Maybe we need to acknowledge our collective part in perpetuating systems of inequality. Let us not concede that economic injustice, poverty, and racism are tolerable.
Historically, Unitarians and Universalists have often been in the forefront of social reform. Our work for economic justice must include support for fair wages and benefits; access to adequate housing, social services, child care, adult daycare, education, health care, legal services, financial services, and transportation; the removal of environmental and occupational hazards that disproportionately affect low-income people; respect for treaty rights of First Nations and Native American Tribes; government and corporate policies that promote economic investment in the urban core and rural communities; a more equitable criminal justice system; tax systems that prevent affluent individuals and corporations from sheltering assets and income at the expense of those less privileged; and campaign reforms that ensure equal access to the electoral process regardless of wealth.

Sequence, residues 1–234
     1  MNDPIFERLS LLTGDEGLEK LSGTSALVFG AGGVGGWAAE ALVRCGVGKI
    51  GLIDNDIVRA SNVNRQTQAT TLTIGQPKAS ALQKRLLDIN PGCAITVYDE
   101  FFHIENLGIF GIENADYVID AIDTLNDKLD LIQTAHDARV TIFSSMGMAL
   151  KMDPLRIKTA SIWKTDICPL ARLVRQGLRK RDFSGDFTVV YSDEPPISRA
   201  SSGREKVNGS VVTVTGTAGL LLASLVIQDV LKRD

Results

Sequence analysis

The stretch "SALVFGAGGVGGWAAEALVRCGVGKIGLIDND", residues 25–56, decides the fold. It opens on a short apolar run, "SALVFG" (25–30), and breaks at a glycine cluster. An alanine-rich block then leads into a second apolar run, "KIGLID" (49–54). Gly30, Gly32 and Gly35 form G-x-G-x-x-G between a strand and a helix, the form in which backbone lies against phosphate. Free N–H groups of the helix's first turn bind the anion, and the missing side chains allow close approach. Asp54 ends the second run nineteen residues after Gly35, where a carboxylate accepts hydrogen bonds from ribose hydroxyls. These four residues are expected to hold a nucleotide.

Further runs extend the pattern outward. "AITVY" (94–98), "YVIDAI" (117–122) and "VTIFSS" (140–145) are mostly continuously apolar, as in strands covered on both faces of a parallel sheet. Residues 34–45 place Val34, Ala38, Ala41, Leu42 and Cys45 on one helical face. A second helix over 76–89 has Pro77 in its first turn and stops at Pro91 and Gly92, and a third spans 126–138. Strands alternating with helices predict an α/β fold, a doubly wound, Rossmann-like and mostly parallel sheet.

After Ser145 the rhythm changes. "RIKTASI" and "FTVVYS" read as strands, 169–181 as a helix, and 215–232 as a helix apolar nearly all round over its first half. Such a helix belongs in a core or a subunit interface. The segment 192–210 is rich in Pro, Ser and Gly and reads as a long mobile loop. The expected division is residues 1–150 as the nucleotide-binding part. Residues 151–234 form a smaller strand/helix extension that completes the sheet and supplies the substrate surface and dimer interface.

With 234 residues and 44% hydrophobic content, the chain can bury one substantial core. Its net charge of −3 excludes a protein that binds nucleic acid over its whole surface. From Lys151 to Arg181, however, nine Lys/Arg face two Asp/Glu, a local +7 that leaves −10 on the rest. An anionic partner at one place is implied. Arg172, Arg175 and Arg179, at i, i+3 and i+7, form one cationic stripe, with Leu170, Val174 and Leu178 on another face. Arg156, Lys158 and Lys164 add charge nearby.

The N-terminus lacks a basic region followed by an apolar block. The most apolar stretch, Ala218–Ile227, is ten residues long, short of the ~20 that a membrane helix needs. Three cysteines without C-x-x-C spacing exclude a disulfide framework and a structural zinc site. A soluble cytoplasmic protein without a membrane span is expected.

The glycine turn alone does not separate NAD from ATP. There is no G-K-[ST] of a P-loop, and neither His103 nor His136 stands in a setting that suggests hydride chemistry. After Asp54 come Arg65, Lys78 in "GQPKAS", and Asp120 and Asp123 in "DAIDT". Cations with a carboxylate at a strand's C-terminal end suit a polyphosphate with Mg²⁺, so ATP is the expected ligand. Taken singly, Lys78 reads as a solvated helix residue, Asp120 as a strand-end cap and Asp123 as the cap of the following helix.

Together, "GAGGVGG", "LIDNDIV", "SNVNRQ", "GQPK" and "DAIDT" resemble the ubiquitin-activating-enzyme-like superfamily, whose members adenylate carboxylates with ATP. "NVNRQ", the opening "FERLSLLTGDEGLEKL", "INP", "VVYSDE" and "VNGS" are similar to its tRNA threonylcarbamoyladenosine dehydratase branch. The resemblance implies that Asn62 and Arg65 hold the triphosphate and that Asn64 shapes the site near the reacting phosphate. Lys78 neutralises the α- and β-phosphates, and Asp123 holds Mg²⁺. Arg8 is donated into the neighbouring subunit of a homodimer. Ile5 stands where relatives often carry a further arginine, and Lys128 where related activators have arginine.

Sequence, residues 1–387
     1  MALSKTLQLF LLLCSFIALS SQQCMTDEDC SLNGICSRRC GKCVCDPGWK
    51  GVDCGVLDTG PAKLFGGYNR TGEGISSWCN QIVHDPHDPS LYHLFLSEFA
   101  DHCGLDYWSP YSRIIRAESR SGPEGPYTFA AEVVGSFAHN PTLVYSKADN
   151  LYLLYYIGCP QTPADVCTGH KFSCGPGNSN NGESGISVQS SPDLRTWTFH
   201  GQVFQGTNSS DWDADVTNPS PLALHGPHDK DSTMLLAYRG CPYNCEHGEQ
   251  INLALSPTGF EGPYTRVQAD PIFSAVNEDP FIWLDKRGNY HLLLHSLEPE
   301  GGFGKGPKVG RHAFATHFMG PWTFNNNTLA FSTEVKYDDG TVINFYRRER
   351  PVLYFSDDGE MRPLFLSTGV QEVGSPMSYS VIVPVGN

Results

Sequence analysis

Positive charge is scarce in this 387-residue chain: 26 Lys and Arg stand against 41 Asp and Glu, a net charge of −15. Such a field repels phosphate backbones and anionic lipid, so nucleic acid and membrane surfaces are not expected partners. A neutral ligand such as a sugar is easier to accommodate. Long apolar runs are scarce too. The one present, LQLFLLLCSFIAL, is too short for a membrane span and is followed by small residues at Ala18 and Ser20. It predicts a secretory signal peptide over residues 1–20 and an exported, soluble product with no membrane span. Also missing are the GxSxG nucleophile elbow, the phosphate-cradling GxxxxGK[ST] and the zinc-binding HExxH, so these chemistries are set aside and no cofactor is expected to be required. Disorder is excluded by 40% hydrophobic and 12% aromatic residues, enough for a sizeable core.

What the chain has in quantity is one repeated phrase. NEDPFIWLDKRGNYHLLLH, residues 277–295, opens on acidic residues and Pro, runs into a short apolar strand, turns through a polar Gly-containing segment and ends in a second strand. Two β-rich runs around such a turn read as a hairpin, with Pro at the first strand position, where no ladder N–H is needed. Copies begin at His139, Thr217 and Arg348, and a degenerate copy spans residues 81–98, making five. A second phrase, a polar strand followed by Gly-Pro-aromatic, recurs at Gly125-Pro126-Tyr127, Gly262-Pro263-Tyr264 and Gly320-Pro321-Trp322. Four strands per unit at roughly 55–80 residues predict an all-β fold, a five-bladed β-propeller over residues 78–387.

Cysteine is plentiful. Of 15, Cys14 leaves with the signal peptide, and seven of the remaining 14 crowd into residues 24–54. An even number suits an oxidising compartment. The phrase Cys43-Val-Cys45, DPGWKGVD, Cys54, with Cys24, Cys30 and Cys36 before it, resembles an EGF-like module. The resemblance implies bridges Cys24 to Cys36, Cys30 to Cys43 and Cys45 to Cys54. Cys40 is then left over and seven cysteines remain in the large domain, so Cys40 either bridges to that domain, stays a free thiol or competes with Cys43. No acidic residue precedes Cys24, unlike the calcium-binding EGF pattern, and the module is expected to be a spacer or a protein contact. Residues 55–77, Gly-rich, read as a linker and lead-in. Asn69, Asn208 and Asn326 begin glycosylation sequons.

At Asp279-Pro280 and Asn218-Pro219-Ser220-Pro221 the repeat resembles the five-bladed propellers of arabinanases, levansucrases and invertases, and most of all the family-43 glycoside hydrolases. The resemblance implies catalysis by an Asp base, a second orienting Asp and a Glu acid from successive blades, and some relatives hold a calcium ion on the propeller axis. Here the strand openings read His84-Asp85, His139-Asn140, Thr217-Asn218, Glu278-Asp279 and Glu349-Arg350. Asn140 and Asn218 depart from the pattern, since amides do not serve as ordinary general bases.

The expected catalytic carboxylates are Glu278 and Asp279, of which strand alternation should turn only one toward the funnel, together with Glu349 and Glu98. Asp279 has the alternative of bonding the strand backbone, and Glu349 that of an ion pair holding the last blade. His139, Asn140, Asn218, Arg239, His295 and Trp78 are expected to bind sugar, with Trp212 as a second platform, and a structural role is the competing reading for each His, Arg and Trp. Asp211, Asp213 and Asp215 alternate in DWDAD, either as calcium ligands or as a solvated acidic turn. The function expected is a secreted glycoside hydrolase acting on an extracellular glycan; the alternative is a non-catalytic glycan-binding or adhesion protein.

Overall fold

We recognize that racism is a major contributor toward economic injustice. But real change will require policy solutions.
In a paper in Advances in Experimental Social Psychology, the authors put forth a conceptual model, drawing on existing research, to show how individuals maintain inequality through their actions and beliefs.
Commonly used measures of economic inequality: 1.